◦ last updated:

As the probable country of origin of playing cards, China has a long history of card-playing and many different varieties.

The pan-Chinese word for playing cards, (Standard Chinese: pái), does not distinguish between different forms of card-like games and equally applies to paper or cardboard cards, bamboo sticks, or bone, ivory, or plastic Mahjong tiles. In many adjacent countries and languages adjacent to China, a derived or related term is used in the local language. Below I list some examples, ordered by number of speakers:

  • Chinese: pái (Mandarin)
  • Vietnamese: bài
  • Thai: ไพ่ (pâi)
  • Burmese: ဖဲ (hpai)
  • Lao: ໄພ້ (pʰâi)
  • Khmer: បៀ (bie)
  • Zhuang: bej or paih/paij₂ (Nong Zhuang)A
  • Bouyei: pai²B[p. 365]
  • Tai Lue: ᦘᦻᧉ (pʰaaj⁶)C
  • Bru: ບາຍ (bai)D
  • Kayan: phaǐ₁E
  • Dungan: пэ (pe)
  • Chin: phe₂ (Falam)F; phe₁ or phe₃ (Bualkhaw)G
  • Rawang: pàyH
  • Kayaw: be₁I

Unusually, Japan does not use cards derived from Chinese examples, but instead from European (specifically Portuguese) cards (see the page about Japanese cards for more).

Types of cards

The many types of Chinese and Chinese-derived cards can be broken down into several broad categories, as follows.

⚠️ The categorization here is a work in progress and may change, especially the last section.

Those derived from Xiàngqí (“Chinese chess”):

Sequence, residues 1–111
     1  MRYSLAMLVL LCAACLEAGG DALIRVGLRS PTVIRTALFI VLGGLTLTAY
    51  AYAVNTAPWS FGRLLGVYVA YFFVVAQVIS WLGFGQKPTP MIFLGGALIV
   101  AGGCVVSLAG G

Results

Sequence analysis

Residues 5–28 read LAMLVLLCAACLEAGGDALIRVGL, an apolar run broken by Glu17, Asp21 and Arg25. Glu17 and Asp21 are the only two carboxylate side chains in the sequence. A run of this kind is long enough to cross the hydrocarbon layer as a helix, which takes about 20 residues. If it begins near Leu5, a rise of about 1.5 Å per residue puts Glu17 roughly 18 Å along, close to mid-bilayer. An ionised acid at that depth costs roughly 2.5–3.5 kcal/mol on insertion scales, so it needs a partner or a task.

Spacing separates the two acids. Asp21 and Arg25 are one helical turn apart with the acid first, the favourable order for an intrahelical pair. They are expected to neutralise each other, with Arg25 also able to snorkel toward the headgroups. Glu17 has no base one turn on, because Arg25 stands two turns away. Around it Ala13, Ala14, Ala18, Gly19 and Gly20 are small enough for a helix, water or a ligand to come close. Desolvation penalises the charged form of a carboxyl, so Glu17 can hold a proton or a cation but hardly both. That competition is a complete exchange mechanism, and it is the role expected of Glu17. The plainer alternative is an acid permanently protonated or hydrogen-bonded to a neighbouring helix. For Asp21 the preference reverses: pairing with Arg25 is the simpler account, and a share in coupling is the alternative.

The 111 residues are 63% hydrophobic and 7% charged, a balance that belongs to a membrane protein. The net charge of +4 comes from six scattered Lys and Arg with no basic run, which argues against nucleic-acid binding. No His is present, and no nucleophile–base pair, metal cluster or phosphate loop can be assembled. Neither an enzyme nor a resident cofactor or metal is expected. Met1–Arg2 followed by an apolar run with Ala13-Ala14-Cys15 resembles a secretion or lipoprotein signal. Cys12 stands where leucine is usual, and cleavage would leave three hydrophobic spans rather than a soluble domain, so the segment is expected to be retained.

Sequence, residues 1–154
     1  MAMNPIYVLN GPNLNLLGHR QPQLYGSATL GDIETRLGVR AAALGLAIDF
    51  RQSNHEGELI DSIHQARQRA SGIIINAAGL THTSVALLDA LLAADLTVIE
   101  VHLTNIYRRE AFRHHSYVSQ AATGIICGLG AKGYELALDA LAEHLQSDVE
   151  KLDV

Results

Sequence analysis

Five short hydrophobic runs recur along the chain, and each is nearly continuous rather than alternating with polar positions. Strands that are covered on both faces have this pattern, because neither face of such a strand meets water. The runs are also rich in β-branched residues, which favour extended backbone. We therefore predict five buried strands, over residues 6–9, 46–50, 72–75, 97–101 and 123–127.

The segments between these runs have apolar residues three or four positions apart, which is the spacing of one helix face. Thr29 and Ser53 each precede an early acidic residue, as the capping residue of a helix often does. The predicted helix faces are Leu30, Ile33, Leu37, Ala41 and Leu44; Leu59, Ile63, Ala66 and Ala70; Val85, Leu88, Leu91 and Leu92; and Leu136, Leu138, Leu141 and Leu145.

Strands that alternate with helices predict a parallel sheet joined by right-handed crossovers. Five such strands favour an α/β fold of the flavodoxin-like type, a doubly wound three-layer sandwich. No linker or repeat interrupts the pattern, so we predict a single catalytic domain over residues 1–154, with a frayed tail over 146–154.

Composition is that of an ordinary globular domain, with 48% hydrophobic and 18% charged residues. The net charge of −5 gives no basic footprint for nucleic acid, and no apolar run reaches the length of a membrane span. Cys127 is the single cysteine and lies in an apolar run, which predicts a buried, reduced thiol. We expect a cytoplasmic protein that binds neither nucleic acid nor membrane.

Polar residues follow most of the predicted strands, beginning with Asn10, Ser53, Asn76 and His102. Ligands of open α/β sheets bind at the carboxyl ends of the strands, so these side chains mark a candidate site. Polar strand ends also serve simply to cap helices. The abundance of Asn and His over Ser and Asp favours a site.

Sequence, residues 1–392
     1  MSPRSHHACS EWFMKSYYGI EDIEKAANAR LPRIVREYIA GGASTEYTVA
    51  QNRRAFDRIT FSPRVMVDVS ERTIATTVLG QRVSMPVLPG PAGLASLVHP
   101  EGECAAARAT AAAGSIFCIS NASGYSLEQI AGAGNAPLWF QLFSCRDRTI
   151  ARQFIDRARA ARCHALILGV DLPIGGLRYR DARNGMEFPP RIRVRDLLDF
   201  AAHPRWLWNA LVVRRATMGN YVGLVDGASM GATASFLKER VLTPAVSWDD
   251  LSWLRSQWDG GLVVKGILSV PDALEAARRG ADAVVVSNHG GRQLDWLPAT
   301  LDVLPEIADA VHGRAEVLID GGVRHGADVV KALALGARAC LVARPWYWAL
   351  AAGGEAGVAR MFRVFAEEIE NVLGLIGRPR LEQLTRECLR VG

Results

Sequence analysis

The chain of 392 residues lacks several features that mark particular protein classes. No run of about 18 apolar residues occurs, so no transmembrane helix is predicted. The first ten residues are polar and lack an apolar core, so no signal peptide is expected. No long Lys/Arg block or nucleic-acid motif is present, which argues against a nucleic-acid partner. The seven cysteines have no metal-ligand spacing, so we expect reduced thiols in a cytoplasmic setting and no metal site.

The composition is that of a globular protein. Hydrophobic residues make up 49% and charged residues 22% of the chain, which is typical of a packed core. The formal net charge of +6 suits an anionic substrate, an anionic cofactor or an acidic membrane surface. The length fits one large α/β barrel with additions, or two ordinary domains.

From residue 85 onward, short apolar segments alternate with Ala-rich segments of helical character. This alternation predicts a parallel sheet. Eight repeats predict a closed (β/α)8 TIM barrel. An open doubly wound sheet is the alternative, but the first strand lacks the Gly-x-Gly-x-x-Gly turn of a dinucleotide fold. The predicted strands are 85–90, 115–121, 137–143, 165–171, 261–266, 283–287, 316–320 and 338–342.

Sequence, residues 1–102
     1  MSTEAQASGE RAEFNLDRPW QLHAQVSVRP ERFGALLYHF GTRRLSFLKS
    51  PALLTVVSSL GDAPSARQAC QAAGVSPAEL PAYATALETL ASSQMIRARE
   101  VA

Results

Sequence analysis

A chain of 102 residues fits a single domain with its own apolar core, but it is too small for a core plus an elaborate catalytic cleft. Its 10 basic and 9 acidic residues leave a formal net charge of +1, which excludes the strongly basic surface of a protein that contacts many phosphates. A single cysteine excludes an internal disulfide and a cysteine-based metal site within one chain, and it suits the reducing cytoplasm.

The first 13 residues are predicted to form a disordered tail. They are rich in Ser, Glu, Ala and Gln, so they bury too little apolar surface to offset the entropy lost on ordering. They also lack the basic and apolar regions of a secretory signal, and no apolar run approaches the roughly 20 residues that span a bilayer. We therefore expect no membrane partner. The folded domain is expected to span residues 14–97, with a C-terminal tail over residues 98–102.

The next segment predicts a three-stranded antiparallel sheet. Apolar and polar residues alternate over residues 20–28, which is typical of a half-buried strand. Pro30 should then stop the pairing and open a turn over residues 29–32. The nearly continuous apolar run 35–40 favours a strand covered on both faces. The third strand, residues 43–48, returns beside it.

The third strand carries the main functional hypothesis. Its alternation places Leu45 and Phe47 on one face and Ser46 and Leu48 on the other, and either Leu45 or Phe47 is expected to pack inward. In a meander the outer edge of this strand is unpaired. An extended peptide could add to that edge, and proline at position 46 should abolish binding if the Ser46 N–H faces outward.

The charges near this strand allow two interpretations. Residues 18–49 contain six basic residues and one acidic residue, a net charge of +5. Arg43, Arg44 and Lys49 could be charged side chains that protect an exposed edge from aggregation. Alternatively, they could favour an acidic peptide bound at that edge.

• Four-Colour cards (四色牌 sì sè pái)
  • Two-Coloured chess cards, including:
    • Red cards (紅牌), also called Double Gold cards (雙金牌 shuāng jīn pái)
    • Malaysian Chap Ji Kee
    • Vietnamese Chrysanthemum cards, bài tam cúc

Those derived from dice:

  • Chinese dominoes (天九牌 tiān jiǔ pái)
  • 15-Point Cards (十五湖 shíwǔ hú)
  • Sichuan domino cards (川牌)

Those derived from paper money/banknotes:

  • Four-Suited money cards, of which most types are extinct:
    • Ma Diao (馬弔牌 mǎ diào pái)
    • Kitty cards (貓貓牌 māo māo pái)
    • Hakka playing cards (六虎牌 liù hǔ pái ‘six tiger cards’)
    • Six red cards (六紅牌 liù hóng pái)
    • Vietnamese bài bất
  • Three-Suited money cards:
    • The standard type (usually called 東莞紙牌 dōngguǎn zhǐpái); Thai money cards are essentially identical
    • Ceki cards, used in Malaysia, Singapore, Indonesia
    • Mahjong tiles and cards
    • Nantong long cards (南通长牌)
    • Vietnamese bài tổ tôm

Those that are numbered or use characters (字牌 zì pái):

  • Shàng Dà Rén Pái (上大人牌), from Hubei province
    • 3–5–7 cards (三五七), from Hubei province
  • 2–7–10 (二七十), from Hunan province?
  • Luzhou Big Two cards 泸州大贰, from Luzhou city, Sichuan province
  • Leshan round cards 樂山圈牌, from Leshan city, Sichuan province


  1. (). ‘⁨⁩’. Webonary.org. SIL International⁩.

  2. and (). ⁨⁩. La Société des Missions-Étrangères⁩: Hong Kong.

  3. (). ‘⁨⁩’. Webonary.org. SIL International⁩.

  4. (publisher) (). ‘⁨⁩’. Webonary.org. SIL International⁩.

  5. (). ‘⁨⁩’. Webonary.org. SIL International⁩.

  6. Luai⁩, ⁨Than Bil and Timothy Mang (editors) (). ‘⁨⁩’. Webonary.org. SIL International⁩.

  7. Thangpi⁩, ⁨Peter and Bawiuk Thang (editors) (). ‘⁨⁩’. Webonary.org. SIL International⁩.

  8. LaPolla⁩, ⁨Randy J. and David Sangdong (editors) (). ‘⁨⁩’. Webonary.org. Nanyang Technological University⁩.

  9. (). ‘⁨⁩’. Webonary.org. SIL International⁩.

  10. (). ‘⁨⁩’. Journal of the International Playing-Card Society vol. 31 (6), : pages 273–277. Edited by Michael B. Cooper.

  11. (). ‘⁨⁩’. Journal of the International Playing-Card Society vol. 31 (5), : pages 230–236. Edited by Michael B. Cooper.


Expand to show comments